Case Presentation: An 18-month-old boy presented to the emergency department with difficulty handling secretions and odynophagia. Read More

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September 2020

Managing Pediatric Foreign Body Ingestions: A 10-Year Experience.

Pediatr Emerg Care 2020 Sep 21. Epub 2020 Sep 21.

Division of Digestive Endoscopy, University of Messina, Messina.

Background: Foreign body (FB) ingestion is a common global issue in pediatrics. Most of the ingested FBs pass through the gastrointestinal tract, but up to 20% of cases require endoscopic removal. In this study, we retrospectively reviewed all pediatric cases of FB ingestion requiring endoscopic removal over a 10-year period in a tertiary hospital to compare the symptoms at presentation and outcomes with those reported in previous studies and to assess the association of the outcomes with patient and FB characteristics. Read More

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September 2020

Magnet Ingestions in Children Presenting to Emergency Departments in the United States 2009-2019: A Problem in Flux.

J Pediatr Gastroenterol Nutr 2020 12;71(6):699-703

Department of Pediatrics, Walter Reed National Military Medical Center.

Objectives: Small rare-earth magnet (SREM) ingestions are a dangerous, potentially fatal health hazard in children. The U.S. Read More

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December 2020

Serial MRI Findings After Endoscopic Removal of Button Battery From the Esophagus.

AJR Am J Roentgenol 2020 11 22;215(5):1238-1246. Epub 2020 Sep 22.

Department of Radiology, Division of Pediatric Radiology, Emory University School of Medicine, Children's Healthcare of Atlanta, 1405 Clifton Rd NE, Atlanta, GA 30322.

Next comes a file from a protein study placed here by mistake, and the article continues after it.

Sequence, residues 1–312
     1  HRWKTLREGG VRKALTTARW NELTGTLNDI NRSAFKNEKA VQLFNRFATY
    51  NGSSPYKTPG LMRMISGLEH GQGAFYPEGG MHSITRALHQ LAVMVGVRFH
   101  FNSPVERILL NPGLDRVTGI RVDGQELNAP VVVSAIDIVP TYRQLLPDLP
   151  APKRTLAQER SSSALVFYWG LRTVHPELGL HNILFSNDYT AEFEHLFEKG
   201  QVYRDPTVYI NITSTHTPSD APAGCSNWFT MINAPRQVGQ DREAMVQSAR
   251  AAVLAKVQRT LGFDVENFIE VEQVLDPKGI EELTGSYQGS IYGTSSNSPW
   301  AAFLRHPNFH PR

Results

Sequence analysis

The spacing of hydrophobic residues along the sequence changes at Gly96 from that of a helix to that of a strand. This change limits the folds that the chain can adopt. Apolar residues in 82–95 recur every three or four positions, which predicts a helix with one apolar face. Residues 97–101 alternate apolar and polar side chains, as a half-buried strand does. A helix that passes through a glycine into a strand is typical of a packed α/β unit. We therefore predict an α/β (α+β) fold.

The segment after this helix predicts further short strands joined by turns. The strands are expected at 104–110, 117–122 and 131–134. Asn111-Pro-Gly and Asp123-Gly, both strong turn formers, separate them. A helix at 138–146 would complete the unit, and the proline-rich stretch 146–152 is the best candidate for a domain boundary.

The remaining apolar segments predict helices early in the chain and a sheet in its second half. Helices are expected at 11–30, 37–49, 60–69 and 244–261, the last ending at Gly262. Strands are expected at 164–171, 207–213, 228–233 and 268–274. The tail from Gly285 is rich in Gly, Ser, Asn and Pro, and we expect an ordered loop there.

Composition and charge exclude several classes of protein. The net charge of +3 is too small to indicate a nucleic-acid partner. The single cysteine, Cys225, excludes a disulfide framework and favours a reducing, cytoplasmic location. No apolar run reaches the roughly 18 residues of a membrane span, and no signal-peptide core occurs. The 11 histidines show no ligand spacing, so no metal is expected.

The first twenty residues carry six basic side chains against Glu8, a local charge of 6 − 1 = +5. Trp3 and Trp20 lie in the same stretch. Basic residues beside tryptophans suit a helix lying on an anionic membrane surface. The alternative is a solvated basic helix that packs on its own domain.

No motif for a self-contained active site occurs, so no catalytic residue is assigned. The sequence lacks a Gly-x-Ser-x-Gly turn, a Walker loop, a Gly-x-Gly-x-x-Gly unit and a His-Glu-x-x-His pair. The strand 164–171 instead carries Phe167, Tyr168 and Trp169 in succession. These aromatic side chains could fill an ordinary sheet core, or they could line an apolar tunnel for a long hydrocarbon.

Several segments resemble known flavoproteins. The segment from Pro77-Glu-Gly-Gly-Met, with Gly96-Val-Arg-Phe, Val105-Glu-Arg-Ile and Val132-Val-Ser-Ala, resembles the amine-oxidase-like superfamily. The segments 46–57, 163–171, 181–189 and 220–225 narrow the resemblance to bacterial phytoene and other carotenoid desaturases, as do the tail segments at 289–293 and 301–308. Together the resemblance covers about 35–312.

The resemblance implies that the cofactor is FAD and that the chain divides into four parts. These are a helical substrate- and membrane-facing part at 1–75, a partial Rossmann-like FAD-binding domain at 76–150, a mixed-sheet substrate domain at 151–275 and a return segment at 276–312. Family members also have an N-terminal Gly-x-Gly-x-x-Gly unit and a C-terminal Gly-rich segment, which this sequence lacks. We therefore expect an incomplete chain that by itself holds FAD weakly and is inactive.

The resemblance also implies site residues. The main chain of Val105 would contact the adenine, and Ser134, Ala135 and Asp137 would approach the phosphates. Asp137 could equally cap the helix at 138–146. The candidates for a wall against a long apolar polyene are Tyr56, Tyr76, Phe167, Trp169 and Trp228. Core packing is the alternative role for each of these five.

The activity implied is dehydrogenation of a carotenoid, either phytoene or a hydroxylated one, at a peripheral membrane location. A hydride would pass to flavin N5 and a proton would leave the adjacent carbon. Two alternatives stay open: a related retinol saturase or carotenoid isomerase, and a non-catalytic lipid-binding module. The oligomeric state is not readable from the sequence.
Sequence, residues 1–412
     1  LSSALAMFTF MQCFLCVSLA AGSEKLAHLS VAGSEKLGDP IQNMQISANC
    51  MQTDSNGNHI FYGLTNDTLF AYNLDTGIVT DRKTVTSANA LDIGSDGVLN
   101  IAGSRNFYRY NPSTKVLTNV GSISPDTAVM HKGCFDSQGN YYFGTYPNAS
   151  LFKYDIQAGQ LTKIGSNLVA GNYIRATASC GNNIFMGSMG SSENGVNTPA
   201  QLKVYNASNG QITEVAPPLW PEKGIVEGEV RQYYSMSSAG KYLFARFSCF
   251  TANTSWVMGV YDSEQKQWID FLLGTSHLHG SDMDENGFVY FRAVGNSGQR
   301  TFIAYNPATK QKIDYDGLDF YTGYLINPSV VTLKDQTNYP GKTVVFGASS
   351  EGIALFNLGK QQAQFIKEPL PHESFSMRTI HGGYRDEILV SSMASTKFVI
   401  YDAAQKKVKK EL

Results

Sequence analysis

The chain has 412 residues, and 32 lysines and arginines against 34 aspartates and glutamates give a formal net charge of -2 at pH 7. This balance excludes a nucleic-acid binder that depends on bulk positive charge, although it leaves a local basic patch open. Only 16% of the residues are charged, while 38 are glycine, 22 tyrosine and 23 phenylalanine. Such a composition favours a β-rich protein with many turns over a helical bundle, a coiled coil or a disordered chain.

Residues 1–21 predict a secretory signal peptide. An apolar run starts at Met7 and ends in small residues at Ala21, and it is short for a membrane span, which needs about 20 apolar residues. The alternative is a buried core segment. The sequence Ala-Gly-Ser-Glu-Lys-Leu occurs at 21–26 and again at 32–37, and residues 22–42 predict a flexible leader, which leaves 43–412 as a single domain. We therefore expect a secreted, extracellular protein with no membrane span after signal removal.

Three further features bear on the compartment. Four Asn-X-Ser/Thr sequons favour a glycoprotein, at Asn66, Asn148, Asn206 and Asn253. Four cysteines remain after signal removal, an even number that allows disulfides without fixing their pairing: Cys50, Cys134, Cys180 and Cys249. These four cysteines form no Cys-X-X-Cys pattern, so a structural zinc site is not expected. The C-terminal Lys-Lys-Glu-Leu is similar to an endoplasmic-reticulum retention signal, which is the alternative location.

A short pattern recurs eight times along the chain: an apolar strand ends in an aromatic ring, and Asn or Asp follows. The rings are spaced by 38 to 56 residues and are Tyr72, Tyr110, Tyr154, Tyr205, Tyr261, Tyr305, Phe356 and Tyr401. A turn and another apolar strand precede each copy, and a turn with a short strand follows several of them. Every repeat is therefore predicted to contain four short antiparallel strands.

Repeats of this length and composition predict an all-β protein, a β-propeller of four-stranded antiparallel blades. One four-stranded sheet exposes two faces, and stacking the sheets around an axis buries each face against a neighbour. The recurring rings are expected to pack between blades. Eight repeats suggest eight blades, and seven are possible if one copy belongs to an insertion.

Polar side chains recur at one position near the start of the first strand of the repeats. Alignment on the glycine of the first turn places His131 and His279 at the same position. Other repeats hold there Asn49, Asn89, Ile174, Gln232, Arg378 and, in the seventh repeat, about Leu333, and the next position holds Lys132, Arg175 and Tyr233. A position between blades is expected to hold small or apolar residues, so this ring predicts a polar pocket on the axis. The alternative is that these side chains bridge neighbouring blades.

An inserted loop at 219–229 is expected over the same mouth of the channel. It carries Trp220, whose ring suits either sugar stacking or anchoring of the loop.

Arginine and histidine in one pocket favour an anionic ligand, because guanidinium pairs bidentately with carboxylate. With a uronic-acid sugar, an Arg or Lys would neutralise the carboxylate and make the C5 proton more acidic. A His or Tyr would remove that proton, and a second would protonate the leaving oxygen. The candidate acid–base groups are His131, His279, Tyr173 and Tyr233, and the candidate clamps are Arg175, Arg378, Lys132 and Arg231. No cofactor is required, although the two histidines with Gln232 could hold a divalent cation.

The purpose of this study was to evaluate findings at serial MRI after endoscopic removal of a button battery from the esophagus in a series of pediatric patients. Serial MRI examinations after removal of a button battery from the esophagus were reviewed retrospectively for the presence of mediastinal edema; imaging characteristics of the aorta and arteries; imaging characteristics of the trachea; and imaging characteristics of the esophageal wall at the level of injury. A total of 48 MRI examinations were performed on 19 patients, 89% (17/19) in the first 48 hours after battery removal. Read More

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November 2020

Generalised urticaria following ingestion of a nickel-plated coin in a 4-year-old girl.

BMJ Case Rep 2020 Sep 7;13(9). Epub 2020 Sep 7.

Division of Pediatric Surgery, McMaster University, Hamilton, Ontario, Canada.

We report the case of a 4-year-old girl who presented to the emergency department after ingestion of a nickel-plated coin. Abdominal radiographs confirmed the presence of a coin in her stomach but she was otherwise asymptomatic. She was discharged with assurances that the foreign body would pass spontaneously. Read More

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September 2020

Endoscopic Management of the Ascending Colon Perforation Secondary to a Rare-Earth Magnets Ingestion in a Pediatric Patient.

ACG Case Rep J 2020 Aug 10;7(8):e00436. Epub 2020 Aug 10.

Division of Pediatric Gastroenterology, Department of Pediatrics, Baylor College of Medicine at The Children's Hospital of San Antonio, San Antonio, TX.

Rare magnets (neodymium magnets) are high-powered magnets known to cause intestinal perforation if the intestinal mucosa is trapped in between 2 or several magnets. A bowel perforation in pediatric patients secondary to magnets is usually managed with a surgical intervention that might require enterectomy. We report a case of an 11-year-old boy who presented with abdominal pain and a finding on abdominal x-ray of radiopaque foreign bodies located in the ascending colon. Read More

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Foreign body and caustic ingestions in children: A clinical practice guideline.

Dig Liver Dis 2020 11 8;52(11):1266-1281. Epub 2020 Aug 8.

Pediatric Hepatology Gastroenterology and Transplantation, ASST Papa Giovanni XXIII, Bergamo, Italy.

Foreign body and caustic ingestions in children are usually the most common clinical challenges for emergency physicians, general pediatricians and pediatric gastroenterologists. Management of these conditions often requires different levels of expertise and competence. Endoscopy is often necessary but there is a high risk of misusing this tool with incorrect timing and indications. Read More